Google Earth does allow you to change the speed of the zoom setting, which is mildly helpful. I'm not zooming out into orbit anymore, but it still stops abruptly. How about a little motion momentum?

III. Reminds me of Karachi!

There is such a thing as too many options. There, I've said it. Google's interface gets too crowded too fast. On the one hand, there is a list of checkboxes on the left that you can check off to reduce the amount of information displayed. On the other hand, there is no "check all" or "uncheck all" feature nor is there any way to shift-click or cntrl-click multiple items at once. This forces me to sit there clicking through forty things before I can see the map.

While it looks cool at first to see how much detail and infromation is actually included, it gets tiring very quickly since it impedes ease of use. Here's a tip, don't ever turn on the "webcam" feature, which displays live webcams of a particular location. They litter the map with entries and clog everything up.

IV. Features and Integration

I'm not going to go into much depth with this since a list of these features is easy to find at http://earth.google.com/tour/. Google Earth is well integrated with Google Maps, a fantastic web-based service for finding directions. It completely blows away mapquest or mapblaster. The only thing is, if all you want to do is get some quick directions, opening up Google Earth is a waste of time since you should just use the web-based service at http://maps.google.com.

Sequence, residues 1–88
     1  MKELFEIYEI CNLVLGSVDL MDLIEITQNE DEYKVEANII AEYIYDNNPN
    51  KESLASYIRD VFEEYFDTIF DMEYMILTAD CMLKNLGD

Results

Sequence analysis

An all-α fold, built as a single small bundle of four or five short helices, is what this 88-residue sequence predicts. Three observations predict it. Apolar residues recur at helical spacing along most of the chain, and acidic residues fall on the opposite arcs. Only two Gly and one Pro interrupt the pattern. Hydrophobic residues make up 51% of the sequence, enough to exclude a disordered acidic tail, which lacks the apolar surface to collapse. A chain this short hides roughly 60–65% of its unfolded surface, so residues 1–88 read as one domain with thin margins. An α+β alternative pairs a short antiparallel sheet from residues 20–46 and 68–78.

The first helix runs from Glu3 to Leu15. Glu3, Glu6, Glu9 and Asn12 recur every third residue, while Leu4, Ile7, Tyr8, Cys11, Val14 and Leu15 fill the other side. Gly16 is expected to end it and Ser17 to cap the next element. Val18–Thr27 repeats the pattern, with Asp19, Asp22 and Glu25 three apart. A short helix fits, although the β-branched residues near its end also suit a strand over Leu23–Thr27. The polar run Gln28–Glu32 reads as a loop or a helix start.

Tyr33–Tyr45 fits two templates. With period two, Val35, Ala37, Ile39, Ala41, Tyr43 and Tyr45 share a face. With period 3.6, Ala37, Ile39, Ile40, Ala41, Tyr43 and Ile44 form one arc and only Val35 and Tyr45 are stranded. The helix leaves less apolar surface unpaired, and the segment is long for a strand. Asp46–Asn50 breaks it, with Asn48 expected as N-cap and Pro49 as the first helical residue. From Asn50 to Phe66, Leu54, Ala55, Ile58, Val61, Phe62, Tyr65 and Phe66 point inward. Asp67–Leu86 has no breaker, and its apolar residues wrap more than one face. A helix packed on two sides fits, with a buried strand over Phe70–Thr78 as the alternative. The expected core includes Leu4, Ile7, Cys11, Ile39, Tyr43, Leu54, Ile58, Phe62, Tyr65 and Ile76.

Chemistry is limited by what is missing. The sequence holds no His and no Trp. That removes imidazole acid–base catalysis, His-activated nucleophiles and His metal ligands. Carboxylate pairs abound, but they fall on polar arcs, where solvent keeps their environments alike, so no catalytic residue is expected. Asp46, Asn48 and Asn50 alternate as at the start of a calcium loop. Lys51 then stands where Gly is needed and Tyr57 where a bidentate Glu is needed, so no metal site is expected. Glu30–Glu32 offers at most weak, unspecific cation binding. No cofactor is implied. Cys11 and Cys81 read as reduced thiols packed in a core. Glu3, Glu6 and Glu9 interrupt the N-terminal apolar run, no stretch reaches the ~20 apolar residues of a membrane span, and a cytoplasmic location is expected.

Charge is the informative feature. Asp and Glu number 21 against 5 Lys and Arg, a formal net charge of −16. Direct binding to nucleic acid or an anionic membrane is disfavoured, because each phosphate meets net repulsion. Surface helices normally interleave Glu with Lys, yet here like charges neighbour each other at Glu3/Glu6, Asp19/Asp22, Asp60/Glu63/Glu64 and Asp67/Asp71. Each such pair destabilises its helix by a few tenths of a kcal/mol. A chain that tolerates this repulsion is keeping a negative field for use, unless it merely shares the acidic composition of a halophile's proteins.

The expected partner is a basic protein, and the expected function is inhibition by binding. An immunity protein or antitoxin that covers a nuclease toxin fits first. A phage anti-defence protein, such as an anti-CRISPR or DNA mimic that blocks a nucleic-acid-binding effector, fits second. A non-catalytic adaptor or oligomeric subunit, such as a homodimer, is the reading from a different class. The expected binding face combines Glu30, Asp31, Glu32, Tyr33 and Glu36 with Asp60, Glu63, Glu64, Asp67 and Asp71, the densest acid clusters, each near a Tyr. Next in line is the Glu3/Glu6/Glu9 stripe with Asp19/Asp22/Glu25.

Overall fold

Unlike WorldWind, Google Earth lets you easily search by inputting an address or a landmark or a cross street. This is invaluable. There are, however, some quirks. The program won't recognize "San Jose Airport, CA" but will recognize "San Jose Airport." The one drawback with Google Earth is that the resolution on the images is not as high as certain WorldWind images. This is because Google has kept certain images for professionals only. It makes sense, but I would sure like to see my neighborhood with more clarity.

Another feature that seemed exciting at first was the "fly by tour" of your directions. This is basically a waste of time. Some decent features include the ability to find business reviews, see 38 cities in 3D, save your search results for later use.

Google Earth can be run in OpenGL or DirectX. Depending on your graphics card, one might be heavily preferred over the other. However, the program seems to randomly black out images every once in awhile. This is very frustrating, especially when you're trying to figure out directions.

V. Conclusions

Google Earth is definitely a must-install map program, though i'm not sure if its a must use. Google has a ways to go before Google Earth really strikes it big. It is a bit cluttered and repititive and they need to work out their controls and display issues.